Patrice Kelly has been comprehensively working on changing the drug and alcohol policies within the DOT, and other areas of The United States Government drug and alcohol regulated departments since 1996.

Jim Greer and Accredited Drug Testing would like to commend Ms.Kelly for her hard work, and dedication to the public safety of American Citizens.

accredited drug testing


Accredited Drug Testing is a 24/7 national scheduling company for all DOT and non-DOT screening needs. We provide DOT-regulated drug testing, DOT and non-DOT regulated health screenings, DNA sampling, and vaccinations.

How The Opioid Epidemic Is Affecting The American Workplace

On August 10th 2017, President Donald Trump declared a state of emergency in the United States, known as the Opioid Epidemic.

More and more people are becoming aware of this rapidly growing issue that imposes a huge threat on American citizens.

Opioids are a class of drugs that include licit prescription pain relievers oxycodone, hydrocodone, codeine, morphine, fentanyl and others, as well as the illicit drug heroin. 



About 1.9 million Americans (0.8 percent) reported full-fledged opioid addiction*

What does this mean for you?

 Opioid Epidemic Affect On Employers

  • The use of opioids or prescription painkillers can result in drowsiness, inattentive behavior, dizziness, cloudiness, lack of motivation, and more. To ensure the safety of your staff, and others around them you should enroll yourself, and supervisors in reasonable suspicion drug training. This is a two-hour online course that informs on what signs to look out for, and the next steps one should take if these signs occur.Opioid epidemic
  • Reconsider becoming a drug-free workplace. Once it is known that your company is drug-free, it can limit the risk of work-related accidents, as well as prevent addiction from happening in an employee.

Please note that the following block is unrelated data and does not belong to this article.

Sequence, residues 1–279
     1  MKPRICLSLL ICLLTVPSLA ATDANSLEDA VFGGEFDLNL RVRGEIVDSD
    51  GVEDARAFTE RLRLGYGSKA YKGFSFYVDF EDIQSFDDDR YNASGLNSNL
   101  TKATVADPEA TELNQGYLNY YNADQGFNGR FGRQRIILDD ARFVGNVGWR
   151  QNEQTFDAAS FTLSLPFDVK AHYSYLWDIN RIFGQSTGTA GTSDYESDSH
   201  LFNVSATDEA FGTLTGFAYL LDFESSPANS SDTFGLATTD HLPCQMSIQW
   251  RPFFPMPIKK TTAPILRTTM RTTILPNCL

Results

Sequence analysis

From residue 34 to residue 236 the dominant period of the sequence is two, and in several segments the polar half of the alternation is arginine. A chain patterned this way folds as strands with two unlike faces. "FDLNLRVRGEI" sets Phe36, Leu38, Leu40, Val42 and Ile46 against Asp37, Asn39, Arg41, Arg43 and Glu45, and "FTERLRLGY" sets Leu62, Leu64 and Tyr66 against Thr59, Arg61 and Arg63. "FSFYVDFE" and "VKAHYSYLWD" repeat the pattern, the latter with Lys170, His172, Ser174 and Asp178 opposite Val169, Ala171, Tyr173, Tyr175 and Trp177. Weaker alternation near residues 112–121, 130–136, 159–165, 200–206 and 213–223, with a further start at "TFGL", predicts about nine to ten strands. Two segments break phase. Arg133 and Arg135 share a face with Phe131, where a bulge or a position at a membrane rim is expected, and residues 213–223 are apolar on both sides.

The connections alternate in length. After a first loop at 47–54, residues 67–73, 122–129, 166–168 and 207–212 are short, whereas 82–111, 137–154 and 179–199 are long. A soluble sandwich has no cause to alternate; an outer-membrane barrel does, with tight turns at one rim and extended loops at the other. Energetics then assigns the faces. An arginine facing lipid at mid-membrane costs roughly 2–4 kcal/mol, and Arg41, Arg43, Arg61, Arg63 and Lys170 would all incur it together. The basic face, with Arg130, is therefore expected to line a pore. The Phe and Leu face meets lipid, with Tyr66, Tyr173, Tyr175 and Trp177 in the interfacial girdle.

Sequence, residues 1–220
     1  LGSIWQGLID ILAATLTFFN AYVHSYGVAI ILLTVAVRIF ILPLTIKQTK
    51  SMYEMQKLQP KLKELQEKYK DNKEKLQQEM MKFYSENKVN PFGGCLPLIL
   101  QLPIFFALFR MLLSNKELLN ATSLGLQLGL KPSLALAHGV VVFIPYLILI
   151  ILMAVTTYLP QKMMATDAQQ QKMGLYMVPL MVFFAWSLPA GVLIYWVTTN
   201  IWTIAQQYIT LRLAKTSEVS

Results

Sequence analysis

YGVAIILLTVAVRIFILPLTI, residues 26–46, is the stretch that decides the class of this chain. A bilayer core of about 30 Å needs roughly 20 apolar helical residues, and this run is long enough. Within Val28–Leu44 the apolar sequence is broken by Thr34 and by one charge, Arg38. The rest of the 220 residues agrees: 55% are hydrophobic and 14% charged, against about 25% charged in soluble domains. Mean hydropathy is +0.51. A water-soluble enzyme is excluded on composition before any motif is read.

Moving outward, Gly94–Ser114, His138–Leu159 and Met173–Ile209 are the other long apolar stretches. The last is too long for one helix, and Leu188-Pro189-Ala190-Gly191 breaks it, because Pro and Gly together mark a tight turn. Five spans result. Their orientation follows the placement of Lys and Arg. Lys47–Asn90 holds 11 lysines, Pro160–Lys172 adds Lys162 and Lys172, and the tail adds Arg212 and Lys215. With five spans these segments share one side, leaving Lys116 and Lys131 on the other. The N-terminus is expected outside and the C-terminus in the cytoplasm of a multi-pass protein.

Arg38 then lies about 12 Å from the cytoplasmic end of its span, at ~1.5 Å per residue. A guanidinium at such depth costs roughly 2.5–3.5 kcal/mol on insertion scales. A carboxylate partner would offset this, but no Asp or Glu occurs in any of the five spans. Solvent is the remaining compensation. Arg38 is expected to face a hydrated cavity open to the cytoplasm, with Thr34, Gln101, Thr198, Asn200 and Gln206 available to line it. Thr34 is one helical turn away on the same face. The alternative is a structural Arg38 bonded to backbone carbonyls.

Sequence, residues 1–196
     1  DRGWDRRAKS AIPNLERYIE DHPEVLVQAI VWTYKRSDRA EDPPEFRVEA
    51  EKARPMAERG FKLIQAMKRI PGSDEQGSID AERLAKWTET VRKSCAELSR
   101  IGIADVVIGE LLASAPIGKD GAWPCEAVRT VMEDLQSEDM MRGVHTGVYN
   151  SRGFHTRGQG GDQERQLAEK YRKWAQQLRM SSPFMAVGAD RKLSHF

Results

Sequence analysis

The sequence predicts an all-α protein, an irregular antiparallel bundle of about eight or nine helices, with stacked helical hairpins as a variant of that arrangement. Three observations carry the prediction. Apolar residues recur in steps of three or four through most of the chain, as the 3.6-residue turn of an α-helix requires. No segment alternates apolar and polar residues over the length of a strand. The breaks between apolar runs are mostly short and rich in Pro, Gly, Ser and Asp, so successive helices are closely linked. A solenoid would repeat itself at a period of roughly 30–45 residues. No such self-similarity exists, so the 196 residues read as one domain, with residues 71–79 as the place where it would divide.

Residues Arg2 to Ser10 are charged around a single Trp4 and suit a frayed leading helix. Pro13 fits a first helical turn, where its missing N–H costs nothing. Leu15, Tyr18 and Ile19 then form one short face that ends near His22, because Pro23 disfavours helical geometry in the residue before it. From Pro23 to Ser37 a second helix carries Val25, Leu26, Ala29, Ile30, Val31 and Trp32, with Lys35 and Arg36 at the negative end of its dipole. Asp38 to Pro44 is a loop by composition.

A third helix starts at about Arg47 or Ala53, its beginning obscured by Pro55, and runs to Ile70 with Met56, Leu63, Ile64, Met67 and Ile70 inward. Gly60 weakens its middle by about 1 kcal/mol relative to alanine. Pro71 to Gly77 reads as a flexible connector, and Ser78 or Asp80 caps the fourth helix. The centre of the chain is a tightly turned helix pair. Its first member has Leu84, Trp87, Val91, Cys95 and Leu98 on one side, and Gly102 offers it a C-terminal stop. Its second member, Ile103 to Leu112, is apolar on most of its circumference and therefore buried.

• Create a drug and alcohol policy that allows your employees to confidentially share information with you about themselves. Make it known that your employees should feel comfortable sharing this information. Educate other employees on the current  Opioid Epidemic, and how they can help.

 Opioid Epidemic Affect On Employees

  • Being that the Opioid Epidemic has been declared a state of emergency, expect to see a few changes in company policies.

In the Department of Transportation, a request for a revision of the drug and alcohol policy has been made. If passed, the standardized drug test for the DOT will change from a 5-panel drug test to a 5-panel drug test with expanded opioid testing. While 5-panel drug tests include opiates, a SAMSHA regulated expanded test will examine for Hydrocodone, Hydromorphone, Oxycodone, and Oxymorphone.

  • Be expecting to take and pass a pre-employment drug screening for any job you are applying for.

In May 2017, the Federal Reserve took a survey on the reason why employers could not feel low skilled positions. One reason concluded that employees could not pass a drug test.

  • Under the American Disabilities Act or ADA, addiction itself is not considered a disability. However, if you previously engaged in the usage of drugs or alcohol, and are currently participating in a rehabilitation program, or have been successfully rehabilitated, you are eligible for social security benefits.